Roll out of here like an egg, Xi

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Tweet from Heitor@Heitormde:

The 0:36 video was taken just outside the gate of the Chinese embassy in Brasilia.

When I first saw the anti-Xi banner in the following article, I struggled a couple of seconds to make sense of the Chinese characters on it:

"Xi Jinping a 'son of a bitch,' say Bolsonro supporters", Gustavo Ribeiro, The Brazilian Report (3/20/20)

It's only later, when I saw the video with a similar banner decrying the Chinese ambassador to Brazil, Yang Wanming, with the characters in their correct orientation, not upside down as on the Xi banner, that I realized they wrote "gǔndàn 滚蛋" ("scram; get out; go to hell" — lit., "roll out [like] an egg").  In Cantonese, it would be gwan2 daan6-2 滾蛋 (lit., "roll out [like an egg]"; "get out [of the way]; go away; scram; beat it; begone; get out; go to hell; f*** off").

This is one of the most colorful, opprobrious, insulting, vile curses in Chinese.  We've often encountered it on Language Log (see "Selected readings" below), similarly we have also discussed the semantics of eggs — good, bad, and indifferent — in many posts.


Selected readings


  1. ycx said,

    April 9, 2020 @ 7:20 am

    Where do you see 滚蛋? I see two instances of the poster with the text “混蛋“ (bastard, asshole), one right way up and one upside down, but didn't see "滚蛋" at all.

  2. Victor Mair said,

    April 9, 2020 @ 7:39 am

    You're right, ycx. Thanks for catching that.

    Working too fast, too late, too tired.

    Another "egg" curse in Chinese.

  3. Jenny Chu said,

    April 9, 2020 @ 9:38 am

    Cantonese native speaker comment (from my household): 'As ycx pointed out, it's not 滚蛋, it's 混蛋; moreover, it's not "one of the most colorful, opprobrious, insulting, vile curses in Chinese", at least not in Cantonese…. It's no more that than any other Cantonese curse, at least.' Disclaimer: said household member is a teenage boy, whose opinion on the vileness of curses may be related to the mores of his cohort.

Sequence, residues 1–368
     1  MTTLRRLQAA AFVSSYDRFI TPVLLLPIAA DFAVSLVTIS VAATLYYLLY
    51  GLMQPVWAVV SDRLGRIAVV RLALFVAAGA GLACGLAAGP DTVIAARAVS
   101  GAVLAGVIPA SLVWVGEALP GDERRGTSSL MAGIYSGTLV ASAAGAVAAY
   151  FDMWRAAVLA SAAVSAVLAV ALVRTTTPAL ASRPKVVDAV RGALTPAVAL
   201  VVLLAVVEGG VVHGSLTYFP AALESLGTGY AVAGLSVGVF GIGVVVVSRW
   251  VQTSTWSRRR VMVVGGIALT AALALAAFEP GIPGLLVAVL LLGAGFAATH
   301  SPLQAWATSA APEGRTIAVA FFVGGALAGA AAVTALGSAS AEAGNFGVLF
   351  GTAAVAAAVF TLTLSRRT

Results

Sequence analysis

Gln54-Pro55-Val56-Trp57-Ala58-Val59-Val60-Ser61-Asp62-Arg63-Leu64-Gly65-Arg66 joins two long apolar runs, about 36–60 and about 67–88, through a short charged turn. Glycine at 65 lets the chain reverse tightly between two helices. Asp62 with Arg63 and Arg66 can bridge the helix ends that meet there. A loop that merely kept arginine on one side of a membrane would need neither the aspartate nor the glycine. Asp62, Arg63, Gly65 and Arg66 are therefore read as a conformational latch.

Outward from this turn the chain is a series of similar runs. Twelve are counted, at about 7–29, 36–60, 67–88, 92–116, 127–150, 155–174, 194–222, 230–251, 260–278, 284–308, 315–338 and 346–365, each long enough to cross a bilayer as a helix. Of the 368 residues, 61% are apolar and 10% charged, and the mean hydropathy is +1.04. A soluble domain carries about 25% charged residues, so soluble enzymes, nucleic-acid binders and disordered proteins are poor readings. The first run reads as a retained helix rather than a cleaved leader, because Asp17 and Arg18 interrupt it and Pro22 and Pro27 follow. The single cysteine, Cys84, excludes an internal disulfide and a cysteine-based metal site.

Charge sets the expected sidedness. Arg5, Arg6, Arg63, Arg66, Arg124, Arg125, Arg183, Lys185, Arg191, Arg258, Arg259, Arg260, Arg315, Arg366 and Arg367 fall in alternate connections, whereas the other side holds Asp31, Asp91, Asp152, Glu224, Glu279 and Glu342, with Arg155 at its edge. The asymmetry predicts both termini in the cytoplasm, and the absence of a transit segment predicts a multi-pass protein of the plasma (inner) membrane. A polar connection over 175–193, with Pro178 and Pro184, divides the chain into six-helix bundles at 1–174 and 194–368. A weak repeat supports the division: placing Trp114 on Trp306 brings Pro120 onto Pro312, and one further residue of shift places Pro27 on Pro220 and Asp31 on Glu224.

4. Michael Watts said,

    April 9, 2020 @ 1:41 pm

    Another "egg" curse in Chinese.

    Eggs are round, but given all the other curses using the syllable 蛋, is there reason to believe that 滚蛋 actually includes the semantics of "egg", as you tend to translate it? ("Roll like an egg" and such.) Might it make more sense to think of it as just "roll [away/off/whatever]", with a 蛋 thrown in for pure emphasis? (And indeed, a bare 滚 means the same thing right down to the rudeness.)

    It's hard to see where the notional egg would come in in 浑蛋 / 坏蛋 / 王八蛋 / 妈蛋.

  5. Victor Mair said,

    April 9, 2020 @ 5:01 pm

    We went into the semantics of egg curses in excruciating detail in the previous posts mentioned in the "Selected readings" of the o.p.

    Many Chinese people I know (including some very smart and learned ones) think that "egg" in these expressions refers to testicles.

  6. Victor Mair said,

    April 9, 2020 @ 5:21 pm

    @Jenny Chu

    It depends on whether your teenage son is referring to


    gǔndàn 滚蛋 ("scram; go to hell; roll [out like an] egg")

    gǔn nǐ de dàn 滚你的蛋 ("roll your egg[s] out of here")

    gǔn nǐ mā de dàn 滚你妈的蛋 ("roll your mother's egg[s] out of here") — very, very bad

    húndàn 混蛋 ("bastard")


    The last one, while by no means nice, is milder than the first three, especially the more extended forms.

  7. Calvin said,

    April 10, 2020 @ 6:21 pm

    There is no much use of "蛋" in Cantonese cursing. You almost never hear Cantonese using 滚蛋 or 混蛋 in their cursing expressions. The closest one I can think of is "李鵬是龜蛋" (Li Peng is a turtle egg) back in the 90's.

    Sometimes Cantonese use "春" (homophone of 膥 – egg) in place of "蛋" colloquially. There are terms like "春子" (testicle), "春袋" (scrotum), "多春魚" (smelt), or expression like "你噏乜春" (what the fxxx are you saying).

    One Cantonese curse similar to "滚蛋" is "躝屍趌路", loosely translated as "Crawl one's corpse out and be sent back". (趕屍 is another legend, see

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